Fear of Failure and Injury
I was working with a female gymnast the last few weeks and I want to share her story. It is not unlike stories of hockey players I've worked with, but her example is fresh on my mind.
We all have fears; we are actually born with two. Just two by the way! Fear of falling and fear of loud noises. We usually outgrow fear of loud noises. We tend to create or develop other fears during our childhood that can last a lifetime. Social fears develop at this time as well like fear of failure and feelings of shame.
I received a call a few weeks ago from a parent of a level 10 gymnast. The gymnast is a high school junior. She could no longer do her reverse double dismount off the uneven parallel bars. State Championships were the next day and she needed to get to Nationals in order to be seen by college coaches. A lot of pressure. And by the way she was having issues since she saw another gymnast have a bad crash and have to go to the hospital. After watching her perform and talking with her, I was able to get her past her fear of injury. It took another couple of sessions to get her over fear of failure, but she got through State and Regional's and is on her way to Nationals. You can ask more about what I helped her with, but I want you to understand about falling down. Hockey players fall down or are helped down a lot. So perhaps this short dialog will help you get up.
As Lou Brock- Baseball Hall of Famer, once said, "Show me a guy who's afraid to look bad, and I'll show you a guy you can beat every time."
What happens when the "The Athlete within You" falls down? The obvious answer is that you get up again. Sometimes getting up is not all that easy. It is easy to say that when you fall down seven times you get up eight times. It is easy to say, never give up, never surrender (this is my offbeat movie reference for those who have seen "Galaxy Quest").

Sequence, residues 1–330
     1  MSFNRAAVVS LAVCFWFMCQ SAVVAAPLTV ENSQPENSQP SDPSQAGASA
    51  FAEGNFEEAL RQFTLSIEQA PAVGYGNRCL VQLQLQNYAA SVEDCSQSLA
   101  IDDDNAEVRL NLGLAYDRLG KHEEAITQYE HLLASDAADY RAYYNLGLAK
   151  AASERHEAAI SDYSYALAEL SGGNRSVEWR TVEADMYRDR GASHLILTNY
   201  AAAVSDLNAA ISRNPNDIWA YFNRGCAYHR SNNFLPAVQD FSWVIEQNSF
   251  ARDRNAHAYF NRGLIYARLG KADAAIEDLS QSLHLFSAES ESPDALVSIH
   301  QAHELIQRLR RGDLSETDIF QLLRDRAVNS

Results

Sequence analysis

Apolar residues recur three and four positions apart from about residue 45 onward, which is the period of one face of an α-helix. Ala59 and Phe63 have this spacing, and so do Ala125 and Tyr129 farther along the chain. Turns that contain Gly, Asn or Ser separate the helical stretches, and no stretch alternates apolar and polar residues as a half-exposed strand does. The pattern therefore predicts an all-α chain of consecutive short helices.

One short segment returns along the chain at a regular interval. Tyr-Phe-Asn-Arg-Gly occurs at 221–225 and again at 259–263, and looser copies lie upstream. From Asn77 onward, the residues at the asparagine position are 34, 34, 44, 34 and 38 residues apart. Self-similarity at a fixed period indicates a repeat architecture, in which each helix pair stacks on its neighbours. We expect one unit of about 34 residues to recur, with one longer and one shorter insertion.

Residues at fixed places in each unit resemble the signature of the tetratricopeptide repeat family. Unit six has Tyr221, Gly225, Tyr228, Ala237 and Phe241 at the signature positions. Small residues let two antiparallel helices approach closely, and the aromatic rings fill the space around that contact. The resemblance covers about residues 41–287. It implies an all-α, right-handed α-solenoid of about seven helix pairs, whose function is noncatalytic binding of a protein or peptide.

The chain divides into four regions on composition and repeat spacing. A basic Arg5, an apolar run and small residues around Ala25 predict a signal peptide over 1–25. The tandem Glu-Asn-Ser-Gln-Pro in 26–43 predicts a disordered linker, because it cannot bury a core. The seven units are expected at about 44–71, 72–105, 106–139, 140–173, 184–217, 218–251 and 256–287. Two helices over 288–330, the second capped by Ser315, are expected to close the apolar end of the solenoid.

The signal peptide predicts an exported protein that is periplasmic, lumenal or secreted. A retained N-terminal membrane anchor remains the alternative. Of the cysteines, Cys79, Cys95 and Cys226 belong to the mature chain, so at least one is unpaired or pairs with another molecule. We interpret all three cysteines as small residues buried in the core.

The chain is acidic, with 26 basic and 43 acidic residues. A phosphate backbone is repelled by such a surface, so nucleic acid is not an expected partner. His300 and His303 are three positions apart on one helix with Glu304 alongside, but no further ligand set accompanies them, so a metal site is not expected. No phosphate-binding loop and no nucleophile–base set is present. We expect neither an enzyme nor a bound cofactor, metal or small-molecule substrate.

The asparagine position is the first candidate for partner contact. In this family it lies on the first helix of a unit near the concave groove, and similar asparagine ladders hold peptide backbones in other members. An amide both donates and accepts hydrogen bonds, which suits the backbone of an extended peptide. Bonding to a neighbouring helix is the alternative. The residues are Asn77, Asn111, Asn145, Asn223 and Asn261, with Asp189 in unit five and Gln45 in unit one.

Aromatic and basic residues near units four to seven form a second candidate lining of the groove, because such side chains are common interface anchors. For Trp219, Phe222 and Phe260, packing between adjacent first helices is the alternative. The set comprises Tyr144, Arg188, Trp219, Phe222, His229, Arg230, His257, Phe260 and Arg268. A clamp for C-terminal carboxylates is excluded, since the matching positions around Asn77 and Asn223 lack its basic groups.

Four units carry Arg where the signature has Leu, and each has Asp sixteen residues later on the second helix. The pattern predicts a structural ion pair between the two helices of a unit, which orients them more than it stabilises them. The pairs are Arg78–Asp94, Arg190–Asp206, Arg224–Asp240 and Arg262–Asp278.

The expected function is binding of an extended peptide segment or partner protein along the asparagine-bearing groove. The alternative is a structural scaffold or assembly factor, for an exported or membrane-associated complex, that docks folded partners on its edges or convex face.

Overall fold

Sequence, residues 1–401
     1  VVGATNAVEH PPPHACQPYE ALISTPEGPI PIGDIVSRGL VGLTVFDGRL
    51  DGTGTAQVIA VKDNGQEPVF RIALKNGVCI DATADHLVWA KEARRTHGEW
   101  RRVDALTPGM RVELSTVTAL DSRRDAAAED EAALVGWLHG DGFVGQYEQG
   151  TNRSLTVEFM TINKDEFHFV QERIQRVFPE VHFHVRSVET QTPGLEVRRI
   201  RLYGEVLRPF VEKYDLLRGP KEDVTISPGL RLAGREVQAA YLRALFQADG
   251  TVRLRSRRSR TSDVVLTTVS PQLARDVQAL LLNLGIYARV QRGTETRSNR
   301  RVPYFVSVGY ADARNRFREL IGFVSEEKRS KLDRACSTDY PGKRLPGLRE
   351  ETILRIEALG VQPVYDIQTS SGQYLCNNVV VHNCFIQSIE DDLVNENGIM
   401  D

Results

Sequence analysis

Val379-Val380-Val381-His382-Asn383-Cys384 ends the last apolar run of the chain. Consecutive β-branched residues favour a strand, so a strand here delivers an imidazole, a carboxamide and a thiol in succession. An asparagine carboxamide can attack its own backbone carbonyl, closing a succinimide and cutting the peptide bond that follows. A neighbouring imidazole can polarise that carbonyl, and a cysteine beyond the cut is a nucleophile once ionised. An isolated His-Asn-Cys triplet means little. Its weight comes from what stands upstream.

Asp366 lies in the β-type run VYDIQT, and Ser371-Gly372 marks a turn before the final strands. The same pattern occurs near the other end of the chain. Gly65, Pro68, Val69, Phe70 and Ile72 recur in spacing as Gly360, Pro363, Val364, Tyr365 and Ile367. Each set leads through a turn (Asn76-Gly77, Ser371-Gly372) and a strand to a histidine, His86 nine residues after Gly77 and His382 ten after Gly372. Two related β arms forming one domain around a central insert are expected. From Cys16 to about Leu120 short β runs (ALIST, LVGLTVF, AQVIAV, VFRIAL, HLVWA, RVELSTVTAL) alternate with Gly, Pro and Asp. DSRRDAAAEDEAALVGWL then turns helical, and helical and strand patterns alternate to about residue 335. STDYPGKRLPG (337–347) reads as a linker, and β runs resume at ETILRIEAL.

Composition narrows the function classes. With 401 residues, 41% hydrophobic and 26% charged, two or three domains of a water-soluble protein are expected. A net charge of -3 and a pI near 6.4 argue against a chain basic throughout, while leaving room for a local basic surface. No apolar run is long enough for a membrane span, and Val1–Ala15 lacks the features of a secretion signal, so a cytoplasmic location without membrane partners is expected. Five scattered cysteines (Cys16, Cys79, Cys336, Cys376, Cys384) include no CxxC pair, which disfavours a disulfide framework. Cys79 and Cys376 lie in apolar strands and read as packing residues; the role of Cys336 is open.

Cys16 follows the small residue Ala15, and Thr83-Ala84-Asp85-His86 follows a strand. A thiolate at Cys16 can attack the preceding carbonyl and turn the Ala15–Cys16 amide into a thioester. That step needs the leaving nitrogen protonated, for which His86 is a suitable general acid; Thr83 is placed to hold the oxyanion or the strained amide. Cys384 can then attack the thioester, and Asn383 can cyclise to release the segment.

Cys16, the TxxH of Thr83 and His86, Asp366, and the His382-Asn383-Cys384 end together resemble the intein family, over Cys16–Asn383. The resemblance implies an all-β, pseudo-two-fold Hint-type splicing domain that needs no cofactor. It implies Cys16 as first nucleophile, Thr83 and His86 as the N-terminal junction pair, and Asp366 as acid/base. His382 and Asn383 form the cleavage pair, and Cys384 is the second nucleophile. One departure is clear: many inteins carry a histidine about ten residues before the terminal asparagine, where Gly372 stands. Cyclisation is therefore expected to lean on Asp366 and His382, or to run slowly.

The truth is that it is not always easy. It is one of the things about athletics that is very potent. The object of the game is to be the one who gets up. This may mean winning the contest as that is usually the object of athletic competition. The one who doesn't get up doesn't win. In boxing it's the knockout. That is the extreme, of course. In most other sports the non-winner still gets up, they just don't get to celebrate.
The Athlete within You has lots of opportunities to fall down. It can happen during training every single day. You just don't have the mental energy to keep going. The mentally strong athlete always seems to get up again and keep on going. If I were to assign the reason that these athletes are able to continually pull themselves up it would probably go to motivation. What is their Drive? However, even the most driven sometimes find it difficult to get up off the floor. Often it is because of a loss of energy. It is also usually temporary, certainly debilitating and often associated with some unrecognized fear that affects their confidence. Getting up off the floor all of a sudden seems to be an impossible task. So what is it that the strong athlete can do to get up that eighth time?
Our self worth should be measured by our deeds without comparing ourselves to others or by needing the approval of others. Much of what we do gets grounded in what we learned early in life. So if we are taught shame, we isolate ourselves and our issues. We cannot openly talk about those things we are ashamed of. So if we enter my world of sport and we observe athletes held up by their anxiety and as we lift the veil and help them cope with their sports anxieties and still something is missing, we may need to understand their greatest fear. I often ask the question, "What is your greatest fear?" Maybe it is the wrong question. What is it that makes you feel shame? Can you talk about it? We tell people not to put their self worth in a sport outcome or result. What if they do that because somewhere along the way, instead of finding joy in sports, they found shame?
Fear is a great deterrent to maximizing performance. Fear of failure, fear of shame or fear of getting hurt are fears athletes must overcome. Learning to get back up is the first step.
New addition: post your questions. I will answer mental training questions if you post them here. If you have a question, but want to keep it private just email it to me.
Offering for just a short time Relaxation / Imagery Rehearsal mp3 for Hockey mp3s and can be ordered fromhttp://themental-game.com/imagery-rehearsal-mp3s/
Usually these are special orders, but for JuniorHockey.com I am making them available at the same cost of my relaxation mp3. Make sure you ask for the hockey mp3! I have also lowered the price to$9.95each because I want you to see the benefits first hand of using your mind to help you discover The Athlete within You.
Since I now have some over 20 posts I suspect you have all read my bio by now. I am available for workshops, team and individual consultation, assessment and as a keynote speaker. My new book is called "The Athlete within You- a mental approach to sports and business" It is for athletes and non athletes working to achieve more in sports and life.http://themental-game.com/